Answers to the most common questions about escrow and how it works.
Escrow is an impartial third party process in which documents and funds are deposited by buyers, sellers and lenders to facilitate the closing for a real estate transaction. Escrow is required to follow mutual written instructions from all parties.
Escrow will coordinate with you (the seller), buyer and lenders to obtain required signatures on all documents. Escrow works closely with the title officer to clear liens and encumbrances against the property, and record the documents with the county.
Escrow assures all parties to a transaction that no funds are delivered and no documents are recorded until all conditions in the transaction have been met.
Opening escrow is the first step in the closing process. Generally, to open escrow, the parties to a transaction deliver to an escrow company the earnest money check and the purchase and sale agreement, which outlines the transaction and provides the closing date, contingencies and financing details. Anyone involved in a transaction can “open the escrow” but generally your real estate agent will do so.
The buyer or seller may select the closing date, but both must agree to it. The purchase and sale agreement may state the closing date as “Closing to occur on or before October 20th, 2016.” In most cases, closing occurs 30, 60 or 90 days from the date a purchase and sale agreement is signed.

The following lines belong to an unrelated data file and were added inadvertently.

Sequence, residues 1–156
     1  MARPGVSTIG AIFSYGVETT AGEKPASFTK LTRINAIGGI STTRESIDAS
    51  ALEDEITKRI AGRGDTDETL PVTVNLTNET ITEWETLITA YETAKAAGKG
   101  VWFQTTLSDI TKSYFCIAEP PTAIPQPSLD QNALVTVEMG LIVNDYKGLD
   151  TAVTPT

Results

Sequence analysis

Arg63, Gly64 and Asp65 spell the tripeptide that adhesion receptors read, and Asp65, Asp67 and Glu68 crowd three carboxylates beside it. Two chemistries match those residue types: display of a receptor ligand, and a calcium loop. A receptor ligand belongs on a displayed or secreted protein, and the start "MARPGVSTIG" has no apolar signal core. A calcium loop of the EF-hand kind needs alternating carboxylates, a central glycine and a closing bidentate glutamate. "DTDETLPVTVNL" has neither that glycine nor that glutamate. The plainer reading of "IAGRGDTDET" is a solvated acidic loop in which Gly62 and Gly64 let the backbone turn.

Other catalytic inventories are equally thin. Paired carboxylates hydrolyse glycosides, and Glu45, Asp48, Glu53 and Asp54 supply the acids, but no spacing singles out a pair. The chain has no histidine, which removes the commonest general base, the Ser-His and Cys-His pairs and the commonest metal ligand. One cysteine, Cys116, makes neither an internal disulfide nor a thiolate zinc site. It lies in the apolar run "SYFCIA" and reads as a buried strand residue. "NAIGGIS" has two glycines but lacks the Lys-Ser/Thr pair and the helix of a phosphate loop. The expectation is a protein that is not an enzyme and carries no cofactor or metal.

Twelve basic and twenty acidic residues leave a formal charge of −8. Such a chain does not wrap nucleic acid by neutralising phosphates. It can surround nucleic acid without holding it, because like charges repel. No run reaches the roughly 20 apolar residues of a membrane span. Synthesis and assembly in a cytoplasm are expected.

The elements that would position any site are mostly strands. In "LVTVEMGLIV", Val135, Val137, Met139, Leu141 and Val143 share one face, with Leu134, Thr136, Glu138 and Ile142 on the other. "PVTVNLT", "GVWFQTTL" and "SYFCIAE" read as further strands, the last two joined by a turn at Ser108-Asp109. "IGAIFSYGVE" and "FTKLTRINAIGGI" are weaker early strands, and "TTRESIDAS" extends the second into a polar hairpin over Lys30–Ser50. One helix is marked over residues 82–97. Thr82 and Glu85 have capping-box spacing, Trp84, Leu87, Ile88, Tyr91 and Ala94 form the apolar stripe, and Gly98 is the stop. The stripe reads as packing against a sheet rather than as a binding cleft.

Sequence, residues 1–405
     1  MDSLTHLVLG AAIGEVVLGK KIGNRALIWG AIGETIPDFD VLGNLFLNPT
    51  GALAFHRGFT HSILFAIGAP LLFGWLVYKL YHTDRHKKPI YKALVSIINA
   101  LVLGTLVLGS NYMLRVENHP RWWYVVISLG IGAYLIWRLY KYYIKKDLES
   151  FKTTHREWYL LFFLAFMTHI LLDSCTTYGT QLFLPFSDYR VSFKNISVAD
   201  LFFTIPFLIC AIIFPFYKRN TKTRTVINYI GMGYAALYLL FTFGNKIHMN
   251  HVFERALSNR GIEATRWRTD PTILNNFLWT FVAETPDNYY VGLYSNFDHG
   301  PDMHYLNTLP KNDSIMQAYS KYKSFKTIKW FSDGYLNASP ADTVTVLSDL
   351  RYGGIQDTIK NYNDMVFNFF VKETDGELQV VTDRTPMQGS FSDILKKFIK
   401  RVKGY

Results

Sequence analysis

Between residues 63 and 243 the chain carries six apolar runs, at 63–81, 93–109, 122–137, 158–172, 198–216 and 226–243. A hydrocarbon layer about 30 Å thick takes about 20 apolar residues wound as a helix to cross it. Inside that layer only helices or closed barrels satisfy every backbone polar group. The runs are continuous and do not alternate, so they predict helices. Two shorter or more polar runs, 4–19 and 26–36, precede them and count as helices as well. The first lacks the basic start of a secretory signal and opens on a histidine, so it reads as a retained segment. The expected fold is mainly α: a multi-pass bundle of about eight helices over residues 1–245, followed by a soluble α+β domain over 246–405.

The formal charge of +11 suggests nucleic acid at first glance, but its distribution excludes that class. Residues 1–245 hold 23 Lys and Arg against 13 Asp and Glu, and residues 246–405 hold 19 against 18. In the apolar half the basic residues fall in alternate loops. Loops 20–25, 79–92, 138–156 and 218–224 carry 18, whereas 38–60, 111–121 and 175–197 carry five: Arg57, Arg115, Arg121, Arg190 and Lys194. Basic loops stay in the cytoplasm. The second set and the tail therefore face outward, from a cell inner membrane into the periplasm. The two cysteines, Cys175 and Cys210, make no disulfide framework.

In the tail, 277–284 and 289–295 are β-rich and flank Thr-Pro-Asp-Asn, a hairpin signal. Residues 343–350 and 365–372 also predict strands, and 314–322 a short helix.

The closing costs will include title search fees, taxes, notary fees, loan fees, escrow fees, recording fees, reconveyance fees, the real estate sales commission, and other charges.
The parties involved in the transaction decide which escrow company will close the transaction. Although it is very common for your real estate agent to recommend an escrow closer, the parties have the right to choose an escrow closer they feel is competent and experienced. The law prohibits escrow companies from paying referral fees to real estate agents, to protect the parties’ right to select their own escrow closer.